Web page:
New Releases: James Nares

Road Paint Prints 1 – 4 | 2016 | Edition of 12

Durham Press has collaborated with James Nares on a new series titled Road Paint Prints. The nine intaglio prints achieve a visual effect similar to his recent Road Paint series of paintings.

For his Road Paint series, Nares brought a road striping machine into his studio. These tools are typically used to create solid dividing lines, dashes, and other traffic indicators on pavement, but Nares walked his machine across large canvases to make gestural marks with thermoplastic paint, often adding glass beads to give the works a textural and reflective quality. These towering paintings—most are 10 by 8 feet—were the subject of a 2013 exhibition at Paul Kasmin Gallery, New York. Utilizing the same machine on site at Durham Press, the Road Paint Prints began by creating these distinct lines on melamine. The raised lines were used to make a casting into a polyurethane mold—the ink could then be hand applied into the crevasses of the mold and printed with an intaglio technique over a black screenprinted background.

The Road Paint Prints feature a similar gestural quality and texture as the paintings but are much more intimate in scale. Each work in the series focuses on a solitary line and emphasizes subtle variations within seemingly repetitive and automatic imagery. This focus on individual marks recalls the artists signature works with isolated brushstroke images on monochromatic backgrounds. The prints also expand on many of his other recent investigations into momentum and suspended action. Like his “high speed drawings,” for which the artist drew on paper while it spun on a motorized, lathe-like machine, or his film Street, which was created with a high-speed camera and presented in ultra slow motion, Nares’s Road Paint Prints explore the perception of movement and velocity. The series takes the anonymous lines that one passes by mindlessly on the highway and instead renders them personal through deceleration.

Several new paintings that stem from the Road Paint series, as well as two of the artist’s films, will be on view in a solo presentation with Paul Kasmin Gallery at Frieze New York 2017, May 5 – 7.

Road Paint Prints and other works by James Nares’s are available directly through Durham Press. For pricing and other information please contact Gwyneth Fearnhead.

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On View: James Nares @ Paul Kasmin Gallery

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Image courtesy of James Nares

Paul Kasmin Gallery – March 3, 2016 – April 23, 2016

Durham Press is pleased to announce James Nares’ new exhibit Portraits — on view at Paul Kasmin Gallery until April 23, 2016. James is returning to his work as a filmmaker to debut his first body of film since Street in 2011.

The exhibition includes 11 videos of sitting subjects such as his three daughters; film critic, Amy Taubin; writer, Glenn O’Brien; and film director, Jim Jarmusch. These portraits are similar to Street in the way that the artist slowed down high definition film to create an intimate moment for the viewer. Nares has been inspired by movement since the early 70’s, which still continues to be the focus in his work.

In an interview with Vanity Fair, James Nares writes, “I could chose to show the parts that make people look stupid, or funny, which everybody does. I steered away from anything like that, and looked for the moments that are kind of human, and the kind of thing that anyone could identify with, because you’re looking at yourself inevitably when you look at anybody else.”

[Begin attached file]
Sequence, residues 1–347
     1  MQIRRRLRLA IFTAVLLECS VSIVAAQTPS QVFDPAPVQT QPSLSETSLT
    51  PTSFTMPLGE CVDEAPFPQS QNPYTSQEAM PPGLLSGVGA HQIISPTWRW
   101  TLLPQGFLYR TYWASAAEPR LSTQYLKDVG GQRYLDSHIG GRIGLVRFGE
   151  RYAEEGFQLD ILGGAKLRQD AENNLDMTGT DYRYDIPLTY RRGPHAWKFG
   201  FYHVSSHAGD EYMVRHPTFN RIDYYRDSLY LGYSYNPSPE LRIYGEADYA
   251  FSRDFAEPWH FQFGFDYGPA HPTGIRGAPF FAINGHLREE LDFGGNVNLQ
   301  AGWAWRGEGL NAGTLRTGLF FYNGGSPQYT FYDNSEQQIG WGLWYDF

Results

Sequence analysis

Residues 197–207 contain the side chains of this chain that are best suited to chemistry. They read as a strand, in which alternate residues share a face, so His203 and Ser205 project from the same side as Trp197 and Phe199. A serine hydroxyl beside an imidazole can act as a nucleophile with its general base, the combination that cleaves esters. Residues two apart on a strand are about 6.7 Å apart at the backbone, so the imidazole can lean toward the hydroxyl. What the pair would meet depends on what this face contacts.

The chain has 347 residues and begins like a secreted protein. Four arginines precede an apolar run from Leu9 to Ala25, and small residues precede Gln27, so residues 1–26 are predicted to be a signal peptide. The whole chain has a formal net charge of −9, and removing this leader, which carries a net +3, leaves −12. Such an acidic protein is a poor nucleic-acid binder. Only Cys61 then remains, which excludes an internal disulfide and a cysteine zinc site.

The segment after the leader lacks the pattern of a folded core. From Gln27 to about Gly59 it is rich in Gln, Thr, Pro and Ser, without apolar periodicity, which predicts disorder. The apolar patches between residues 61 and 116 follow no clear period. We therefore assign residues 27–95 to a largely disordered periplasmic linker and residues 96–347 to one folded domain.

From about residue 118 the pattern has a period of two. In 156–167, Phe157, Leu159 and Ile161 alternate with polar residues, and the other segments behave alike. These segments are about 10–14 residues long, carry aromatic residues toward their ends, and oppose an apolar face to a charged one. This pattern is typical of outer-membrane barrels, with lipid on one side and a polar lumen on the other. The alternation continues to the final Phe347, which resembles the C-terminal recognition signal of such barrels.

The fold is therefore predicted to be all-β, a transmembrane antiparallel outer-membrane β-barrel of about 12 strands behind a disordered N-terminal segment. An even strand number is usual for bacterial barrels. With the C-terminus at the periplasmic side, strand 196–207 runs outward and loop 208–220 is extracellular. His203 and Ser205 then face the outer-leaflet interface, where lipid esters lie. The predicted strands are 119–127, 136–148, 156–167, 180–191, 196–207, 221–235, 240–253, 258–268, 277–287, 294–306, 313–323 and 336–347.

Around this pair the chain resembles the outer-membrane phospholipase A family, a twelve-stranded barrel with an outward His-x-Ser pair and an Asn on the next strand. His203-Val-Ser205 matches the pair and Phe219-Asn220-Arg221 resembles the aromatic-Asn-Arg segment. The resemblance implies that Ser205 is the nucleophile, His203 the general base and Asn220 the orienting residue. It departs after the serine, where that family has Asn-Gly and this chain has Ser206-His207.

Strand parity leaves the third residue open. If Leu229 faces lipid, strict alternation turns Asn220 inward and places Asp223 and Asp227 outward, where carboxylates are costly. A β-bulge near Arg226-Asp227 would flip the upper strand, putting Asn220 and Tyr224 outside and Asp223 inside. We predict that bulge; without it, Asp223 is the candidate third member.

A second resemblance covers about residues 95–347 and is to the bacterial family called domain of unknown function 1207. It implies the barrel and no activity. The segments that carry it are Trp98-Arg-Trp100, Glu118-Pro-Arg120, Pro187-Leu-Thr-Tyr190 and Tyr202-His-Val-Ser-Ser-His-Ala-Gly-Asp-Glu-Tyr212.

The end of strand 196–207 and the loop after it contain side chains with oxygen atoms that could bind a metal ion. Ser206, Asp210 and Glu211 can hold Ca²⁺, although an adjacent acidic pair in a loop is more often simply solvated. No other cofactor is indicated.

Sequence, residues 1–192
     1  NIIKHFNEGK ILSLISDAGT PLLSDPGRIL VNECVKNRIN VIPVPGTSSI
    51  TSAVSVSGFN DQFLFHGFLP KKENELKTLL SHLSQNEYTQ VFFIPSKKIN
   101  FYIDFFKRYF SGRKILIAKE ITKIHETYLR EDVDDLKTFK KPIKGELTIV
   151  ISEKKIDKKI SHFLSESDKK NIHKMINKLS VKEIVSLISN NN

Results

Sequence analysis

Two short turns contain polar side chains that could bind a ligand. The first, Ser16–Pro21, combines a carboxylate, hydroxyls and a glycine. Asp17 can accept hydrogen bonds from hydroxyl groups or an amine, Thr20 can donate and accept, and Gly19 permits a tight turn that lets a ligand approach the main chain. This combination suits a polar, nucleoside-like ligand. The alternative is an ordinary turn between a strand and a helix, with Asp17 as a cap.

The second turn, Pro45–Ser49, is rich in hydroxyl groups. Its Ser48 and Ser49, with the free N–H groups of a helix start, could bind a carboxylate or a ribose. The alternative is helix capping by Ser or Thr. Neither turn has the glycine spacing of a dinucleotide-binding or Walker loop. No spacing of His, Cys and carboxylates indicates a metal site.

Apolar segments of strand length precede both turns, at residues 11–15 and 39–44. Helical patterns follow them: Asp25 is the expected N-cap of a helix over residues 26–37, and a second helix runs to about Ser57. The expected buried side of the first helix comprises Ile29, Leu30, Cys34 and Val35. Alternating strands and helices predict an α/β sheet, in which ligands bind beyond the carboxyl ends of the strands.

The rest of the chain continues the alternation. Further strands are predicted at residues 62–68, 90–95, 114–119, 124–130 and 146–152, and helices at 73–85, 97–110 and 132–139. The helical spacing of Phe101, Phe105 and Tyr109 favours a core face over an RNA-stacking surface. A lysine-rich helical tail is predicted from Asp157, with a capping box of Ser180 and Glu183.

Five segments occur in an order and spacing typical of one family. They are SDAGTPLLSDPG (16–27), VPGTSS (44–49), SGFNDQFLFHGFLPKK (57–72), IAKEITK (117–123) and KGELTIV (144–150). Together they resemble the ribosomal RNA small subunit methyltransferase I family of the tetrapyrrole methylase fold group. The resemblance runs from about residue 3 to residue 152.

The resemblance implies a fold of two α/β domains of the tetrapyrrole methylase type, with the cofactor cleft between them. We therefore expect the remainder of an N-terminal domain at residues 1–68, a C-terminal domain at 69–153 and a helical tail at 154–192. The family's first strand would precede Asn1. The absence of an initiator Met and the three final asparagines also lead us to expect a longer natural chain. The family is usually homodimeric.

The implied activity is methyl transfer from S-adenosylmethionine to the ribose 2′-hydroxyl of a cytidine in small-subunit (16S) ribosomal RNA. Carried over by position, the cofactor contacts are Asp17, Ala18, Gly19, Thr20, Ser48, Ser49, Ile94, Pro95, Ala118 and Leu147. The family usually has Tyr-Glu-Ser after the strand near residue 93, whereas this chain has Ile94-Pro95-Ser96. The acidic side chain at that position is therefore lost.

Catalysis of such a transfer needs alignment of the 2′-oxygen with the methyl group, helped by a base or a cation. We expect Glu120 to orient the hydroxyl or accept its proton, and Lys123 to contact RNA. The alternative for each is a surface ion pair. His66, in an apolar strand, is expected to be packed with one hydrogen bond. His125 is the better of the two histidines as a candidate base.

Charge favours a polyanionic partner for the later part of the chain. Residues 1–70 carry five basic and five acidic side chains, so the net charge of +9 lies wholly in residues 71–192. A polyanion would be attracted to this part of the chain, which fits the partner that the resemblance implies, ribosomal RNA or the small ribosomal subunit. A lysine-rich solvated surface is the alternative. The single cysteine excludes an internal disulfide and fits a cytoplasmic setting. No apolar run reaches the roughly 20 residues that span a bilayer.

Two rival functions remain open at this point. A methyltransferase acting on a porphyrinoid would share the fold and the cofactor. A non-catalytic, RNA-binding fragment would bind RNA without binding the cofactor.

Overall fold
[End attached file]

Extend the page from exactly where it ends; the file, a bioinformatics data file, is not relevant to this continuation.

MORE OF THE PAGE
Current Press
Vanity Fair
ArtNet

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New Release: James Nares |Before the Rain + Early Days

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Durham Press is proud to announce the release of two new editions by James Nares entitled, Before the Rain and Early Days. Each print measures 46 7/8 x 34 3/4 inches and is an edition of 48.

Nares’ inspiration stems from movement and gesture. Using his own crafted brushes, Nares’ work is often composed of a single brushstroke, which he will often erase and repeat until he finds a final stroke that balances both form and spontaneity.

For pricing and availability, please contact Gwyneth Fearnhead, [email protected]

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Durham Press @ IFPDA 2015

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Durham Press will be exhibiting at the 2015 IFPDA Print Fair Thursday, November 5th through Sunday, November 8th with an Opening Night Preview Wednesday, November 4th. The fair will be held at the Park Avenue Armory located on Park Avenue between 66th and 67th streets in Manhattan’s Upper East Side.

We will be exhibiting works by Beatriz MilhazesPolly Apfelbaum, Emil Lukas, James Nares and Jacob Hashimoto.

Hours
Wednesday, November 4th       6:30pm – 8pm, Opening Night Preview
Thursday, November 5th         12pm – 8pm
Friday, November 6th           12pm – 8pm
Saturday, November 7th         12pm – 8pm
Sunday, November 8th           12pm – 6pm

For more information about the fair, visit www.ifpda.org/content/print-fair

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Durham Press @ Baltimore Print Fair

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Durham Press will be exhibiting at Baltimore Contemporary Print Fair March 28th and 29th with a VIP preview Friday, March 27th. The annual fair is held at the Baltimore Museum of Art at 10 Art Museum Drive, Baltimore, Maryland. Please visit us at booth 18 where we will be featuring works by Polly Apfelbaum, Chitra Ganesh, Michael Heizer, Emil Lukas, Beatriz Milhazes and James Nares.

Hours
Friday, March 27th       6pm – 8:30pm, VIP Preview
Saturday, March 28th    11am – 6pm